This puts the designer in a place where they have to substitute sound strategies with educated assumptions, which makes the project vulnerable to a lesser outcome than anticipated by the strategists.

Deliverables that attempt to bridge the strategy and design gap

This isn’t a new problem, but it is on that is becoming more important as we see more resources dedicated upfront to strategy while, at the same time, teams are getting more specialized and complex.

Various documents have been used and developed to help bridge this gap, however many of these are either too high level (creative briefs), too abstract (user flows), or answering the wrong questions (page description diagrams).

 

The limitations of these documents got us thinking about how best to close the gap between project strategy and execution, while remaining rooted in the idea of designers as storytellers. The need to transmit the “why” led us to an irrevocable conclusion: narratives.

A New Approach: Narrative Design

To maintain strategic continuity at every level of production, one of the most effective mechanisms that we’ve found is to develop strategic narratives. These new deliverables are developed during the strategy phase of a project and lead each team through each subsequent phase. The process looks something like this: 

The Breakdown

  • Site Narrative - a short document, similar to a creative or project brief which includes
    • The overall narrative of the site - developed from the company’s value proposition(s).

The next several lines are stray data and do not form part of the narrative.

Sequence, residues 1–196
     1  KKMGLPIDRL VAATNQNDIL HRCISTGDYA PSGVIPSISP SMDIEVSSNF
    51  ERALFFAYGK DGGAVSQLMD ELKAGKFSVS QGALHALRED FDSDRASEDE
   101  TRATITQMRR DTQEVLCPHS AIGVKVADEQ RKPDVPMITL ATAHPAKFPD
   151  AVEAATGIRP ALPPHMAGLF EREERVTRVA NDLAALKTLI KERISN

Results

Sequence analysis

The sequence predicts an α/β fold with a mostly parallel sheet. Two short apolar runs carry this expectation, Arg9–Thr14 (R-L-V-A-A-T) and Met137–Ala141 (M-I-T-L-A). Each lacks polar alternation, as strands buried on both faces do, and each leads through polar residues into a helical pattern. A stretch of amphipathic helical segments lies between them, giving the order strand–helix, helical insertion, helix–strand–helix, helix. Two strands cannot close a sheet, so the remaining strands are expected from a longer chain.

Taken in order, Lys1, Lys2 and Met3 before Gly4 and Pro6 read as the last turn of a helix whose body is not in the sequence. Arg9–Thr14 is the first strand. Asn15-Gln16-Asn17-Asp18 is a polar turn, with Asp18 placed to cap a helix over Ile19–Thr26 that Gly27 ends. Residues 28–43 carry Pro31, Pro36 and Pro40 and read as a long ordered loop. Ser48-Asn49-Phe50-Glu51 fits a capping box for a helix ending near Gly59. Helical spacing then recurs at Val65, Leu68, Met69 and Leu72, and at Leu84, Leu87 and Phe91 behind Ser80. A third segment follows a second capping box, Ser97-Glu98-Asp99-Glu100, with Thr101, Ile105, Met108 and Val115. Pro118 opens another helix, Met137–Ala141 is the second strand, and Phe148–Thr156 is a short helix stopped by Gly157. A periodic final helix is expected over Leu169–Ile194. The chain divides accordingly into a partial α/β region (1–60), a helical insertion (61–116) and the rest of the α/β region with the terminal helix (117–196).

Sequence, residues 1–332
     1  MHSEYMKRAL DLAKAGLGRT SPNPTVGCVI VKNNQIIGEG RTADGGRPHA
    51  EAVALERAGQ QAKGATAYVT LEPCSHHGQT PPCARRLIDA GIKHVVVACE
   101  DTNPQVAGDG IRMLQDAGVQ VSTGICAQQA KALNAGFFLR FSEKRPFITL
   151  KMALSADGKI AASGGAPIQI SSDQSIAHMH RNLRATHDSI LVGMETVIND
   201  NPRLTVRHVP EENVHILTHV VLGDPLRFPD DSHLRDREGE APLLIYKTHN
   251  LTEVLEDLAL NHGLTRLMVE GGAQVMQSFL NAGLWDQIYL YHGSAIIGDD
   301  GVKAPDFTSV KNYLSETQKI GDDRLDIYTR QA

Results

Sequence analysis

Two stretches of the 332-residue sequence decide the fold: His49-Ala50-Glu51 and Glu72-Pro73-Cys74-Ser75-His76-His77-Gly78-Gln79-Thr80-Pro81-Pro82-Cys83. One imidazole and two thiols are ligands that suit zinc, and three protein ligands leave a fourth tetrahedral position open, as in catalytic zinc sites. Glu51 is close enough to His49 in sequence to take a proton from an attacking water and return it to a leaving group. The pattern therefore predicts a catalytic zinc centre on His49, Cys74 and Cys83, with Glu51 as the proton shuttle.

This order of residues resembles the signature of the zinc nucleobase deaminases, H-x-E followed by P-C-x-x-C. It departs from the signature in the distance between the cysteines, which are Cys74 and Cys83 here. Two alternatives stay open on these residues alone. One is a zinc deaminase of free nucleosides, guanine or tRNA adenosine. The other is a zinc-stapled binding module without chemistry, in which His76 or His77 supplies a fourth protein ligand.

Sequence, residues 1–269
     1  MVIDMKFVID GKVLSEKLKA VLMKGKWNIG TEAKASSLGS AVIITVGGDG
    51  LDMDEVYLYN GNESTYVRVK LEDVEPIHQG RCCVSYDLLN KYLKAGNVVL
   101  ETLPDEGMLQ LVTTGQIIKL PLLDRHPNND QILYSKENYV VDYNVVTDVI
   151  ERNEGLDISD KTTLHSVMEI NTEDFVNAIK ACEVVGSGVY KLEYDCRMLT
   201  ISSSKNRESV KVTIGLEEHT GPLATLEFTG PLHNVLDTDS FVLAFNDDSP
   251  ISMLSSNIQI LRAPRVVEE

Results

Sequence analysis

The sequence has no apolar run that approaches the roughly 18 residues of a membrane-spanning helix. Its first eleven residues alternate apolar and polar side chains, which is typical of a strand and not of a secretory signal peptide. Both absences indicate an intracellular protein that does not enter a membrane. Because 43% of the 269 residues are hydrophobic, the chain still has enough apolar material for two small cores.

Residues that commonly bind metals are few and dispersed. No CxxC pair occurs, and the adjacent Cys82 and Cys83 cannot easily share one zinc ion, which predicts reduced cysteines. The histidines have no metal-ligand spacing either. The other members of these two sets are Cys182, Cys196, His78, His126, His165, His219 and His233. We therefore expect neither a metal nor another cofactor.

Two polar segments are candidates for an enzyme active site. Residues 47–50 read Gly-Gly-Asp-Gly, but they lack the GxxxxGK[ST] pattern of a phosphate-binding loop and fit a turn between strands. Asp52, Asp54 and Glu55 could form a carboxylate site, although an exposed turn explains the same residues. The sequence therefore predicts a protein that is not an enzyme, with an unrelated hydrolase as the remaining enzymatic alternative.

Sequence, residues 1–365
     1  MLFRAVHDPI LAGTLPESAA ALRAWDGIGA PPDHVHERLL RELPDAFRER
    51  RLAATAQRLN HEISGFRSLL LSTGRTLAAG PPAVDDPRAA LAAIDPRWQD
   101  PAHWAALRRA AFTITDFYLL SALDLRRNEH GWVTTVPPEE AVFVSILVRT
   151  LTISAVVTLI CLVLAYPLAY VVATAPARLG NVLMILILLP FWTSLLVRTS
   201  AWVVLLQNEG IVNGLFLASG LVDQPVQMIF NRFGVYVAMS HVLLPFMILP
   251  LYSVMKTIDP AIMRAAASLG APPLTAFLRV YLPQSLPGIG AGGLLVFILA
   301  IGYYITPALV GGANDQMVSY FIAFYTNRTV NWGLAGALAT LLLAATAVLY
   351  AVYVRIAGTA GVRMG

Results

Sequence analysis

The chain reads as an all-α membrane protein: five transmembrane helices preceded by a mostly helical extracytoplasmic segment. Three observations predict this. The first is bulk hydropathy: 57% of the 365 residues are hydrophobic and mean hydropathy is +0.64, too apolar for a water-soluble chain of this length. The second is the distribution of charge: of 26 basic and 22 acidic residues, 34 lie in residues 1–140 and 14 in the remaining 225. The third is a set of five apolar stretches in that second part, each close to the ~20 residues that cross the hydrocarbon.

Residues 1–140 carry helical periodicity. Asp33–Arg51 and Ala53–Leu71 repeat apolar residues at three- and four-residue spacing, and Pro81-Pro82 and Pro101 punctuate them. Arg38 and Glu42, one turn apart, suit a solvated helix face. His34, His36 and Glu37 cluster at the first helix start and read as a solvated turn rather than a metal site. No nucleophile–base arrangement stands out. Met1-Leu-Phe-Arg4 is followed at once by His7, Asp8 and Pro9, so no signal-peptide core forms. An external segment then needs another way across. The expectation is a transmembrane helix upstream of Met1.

• The goals and objectives of the project.
    • The Audience(s) the project is intended to reach
    • The success metrics - KPIs, baselines, projections/targets.
  • Standard Sitemap + Narratives - the site’s architecture defined by the standard sitemap that everyone is familiar with. Defining structure and linkages with each ‘page’ including a page title. The difference here is that we also assign which pages need unique narratives. For example, a site may have 20 team bios that all fit the same narrative structure of a generic ‘bio’ narrative.
  • Page Narratives - a detailed document for each parent and child page on a site. It ties the page to the site narrative, describing the following:
    • The why and what of the page
    • The primary message on the page
    • Data, assets and functionality that support the primary message
    • User flow including suggested CTA
  • Extended Sitemap - layers on the assigning of unique layouts to the sitemap document above.
    • Site architecture
    • The related page narrative for each page
    • The design layouts that will be used for each page

Why Narratives?

Narratives tie together the storytelling with the actionable, the qualitative with the quantitative, the mushy with cold hard data. They translate the user flows, site flows, and buyer journeys into a single-threaded shotgun narrative that leads to actionable steps on a page level which can be mapped and measured in analytics.

What's Next

Each of these deliverables are explained extensively in subsequent articles, along with examples and templates for you to adapt to your web design project process.


Chris Olberding Chris Olberding

Co-founder and Creative Partner at Station Four